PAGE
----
This article, taken directly from Edutopia is a great read on scaffolding strategies. I posted the direct link to it on the bottom. Here’s the article in its entirety:
What’s the opposite of scaffolding a lesson? It would be saying to students something like, “Read this nine-page science article, write a detailed essay on the topic it explores, and turn it in by Wednesday.” Yikes — no safety net, no parachute, no scaffolding — just left blowing in the wind.
Let’s start by agreeing that scaffolding a lesson and differentiating instruction are two different things. Scaffolding is breaking up the learning into chunks and then providing a tool, or structure, with each chunk. When scaffolding reading, for example, you might preview the text and discuss key vocabulary, or chunk the text and read and discuss as you go. With differentiation, you may give a child an entirely different piece of text to read, you might shorten the text or alter it, and you may modify the writing assignment that follows.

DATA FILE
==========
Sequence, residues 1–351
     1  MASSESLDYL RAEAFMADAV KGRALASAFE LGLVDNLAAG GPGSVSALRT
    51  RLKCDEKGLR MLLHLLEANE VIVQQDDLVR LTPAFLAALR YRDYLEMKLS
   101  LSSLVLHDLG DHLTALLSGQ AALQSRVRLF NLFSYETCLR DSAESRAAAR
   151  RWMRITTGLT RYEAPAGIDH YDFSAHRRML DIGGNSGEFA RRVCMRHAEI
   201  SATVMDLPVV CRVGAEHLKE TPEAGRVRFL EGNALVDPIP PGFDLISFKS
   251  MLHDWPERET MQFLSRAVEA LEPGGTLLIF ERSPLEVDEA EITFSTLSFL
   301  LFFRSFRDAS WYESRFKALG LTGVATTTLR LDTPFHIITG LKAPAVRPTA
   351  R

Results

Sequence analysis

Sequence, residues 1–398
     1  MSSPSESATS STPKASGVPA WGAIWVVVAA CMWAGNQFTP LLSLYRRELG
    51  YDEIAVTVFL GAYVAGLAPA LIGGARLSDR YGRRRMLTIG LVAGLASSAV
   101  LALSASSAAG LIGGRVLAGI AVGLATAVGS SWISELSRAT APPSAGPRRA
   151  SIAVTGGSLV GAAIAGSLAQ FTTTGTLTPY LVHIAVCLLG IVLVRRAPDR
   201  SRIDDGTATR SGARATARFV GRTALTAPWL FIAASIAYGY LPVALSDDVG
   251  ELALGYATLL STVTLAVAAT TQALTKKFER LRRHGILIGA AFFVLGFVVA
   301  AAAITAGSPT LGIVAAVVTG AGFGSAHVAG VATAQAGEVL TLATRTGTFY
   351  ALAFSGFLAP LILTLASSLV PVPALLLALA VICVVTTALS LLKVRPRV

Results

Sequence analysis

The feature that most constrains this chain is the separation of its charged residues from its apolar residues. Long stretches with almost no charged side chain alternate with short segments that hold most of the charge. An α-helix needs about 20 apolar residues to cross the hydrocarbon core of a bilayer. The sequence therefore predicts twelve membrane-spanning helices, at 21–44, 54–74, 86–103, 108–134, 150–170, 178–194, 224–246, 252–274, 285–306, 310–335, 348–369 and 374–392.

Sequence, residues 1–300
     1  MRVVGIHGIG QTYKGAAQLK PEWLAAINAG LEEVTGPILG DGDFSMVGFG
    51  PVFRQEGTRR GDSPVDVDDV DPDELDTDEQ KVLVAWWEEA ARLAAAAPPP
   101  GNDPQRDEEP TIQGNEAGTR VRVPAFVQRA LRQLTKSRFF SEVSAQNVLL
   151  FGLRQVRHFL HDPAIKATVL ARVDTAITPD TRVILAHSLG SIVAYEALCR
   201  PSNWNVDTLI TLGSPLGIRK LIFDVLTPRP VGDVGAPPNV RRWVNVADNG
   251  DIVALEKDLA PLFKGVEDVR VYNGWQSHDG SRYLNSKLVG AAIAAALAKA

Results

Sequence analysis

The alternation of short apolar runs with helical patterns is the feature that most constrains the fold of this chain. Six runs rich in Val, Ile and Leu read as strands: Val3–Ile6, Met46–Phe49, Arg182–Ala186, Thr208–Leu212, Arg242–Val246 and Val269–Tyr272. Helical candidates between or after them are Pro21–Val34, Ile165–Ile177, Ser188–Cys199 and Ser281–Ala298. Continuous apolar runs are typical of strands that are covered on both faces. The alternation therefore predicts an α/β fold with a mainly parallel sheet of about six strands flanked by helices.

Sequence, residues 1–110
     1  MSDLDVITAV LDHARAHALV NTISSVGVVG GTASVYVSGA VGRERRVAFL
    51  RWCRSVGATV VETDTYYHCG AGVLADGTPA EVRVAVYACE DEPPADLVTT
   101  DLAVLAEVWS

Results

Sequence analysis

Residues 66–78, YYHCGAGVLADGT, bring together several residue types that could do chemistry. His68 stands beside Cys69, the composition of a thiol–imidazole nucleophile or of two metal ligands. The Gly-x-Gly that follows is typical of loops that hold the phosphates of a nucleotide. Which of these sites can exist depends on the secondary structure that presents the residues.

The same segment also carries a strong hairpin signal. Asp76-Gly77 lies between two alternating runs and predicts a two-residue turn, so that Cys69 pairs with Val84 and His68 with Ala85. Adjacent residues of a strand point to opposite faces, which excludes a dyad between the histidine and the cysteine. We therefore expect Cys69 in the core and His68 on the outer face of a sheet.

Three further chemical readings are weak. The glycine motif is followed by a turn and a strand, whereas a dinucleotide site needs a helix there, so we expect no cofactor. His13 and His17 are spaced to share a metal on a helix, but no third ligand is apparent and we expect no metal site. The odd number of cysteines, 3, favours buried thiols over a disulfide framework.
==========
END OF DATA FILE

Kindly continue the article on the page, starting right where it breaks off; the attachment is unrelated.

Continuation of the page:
Simply put, scaffolding is what you do first with kids, then for those students who are still struggling, you may need to differentiate by modifying an assignment and/or making accommodations for a student (for example, choose more accessible text and/or assign an alternative project).
Scaffolding and differentiation do have something in common though. In order to meet students where they are and appropriately scaffold a lesson, or differentiate instruction, you have to know the individual and collective zone of proximal development (ZPD) of your learners. (As education researcher Eileen Raymond states, “[T]he ZPD is the distance between what children can do by themselves and the next learning that they can be helped to achieve with competent assistance.”)Read More »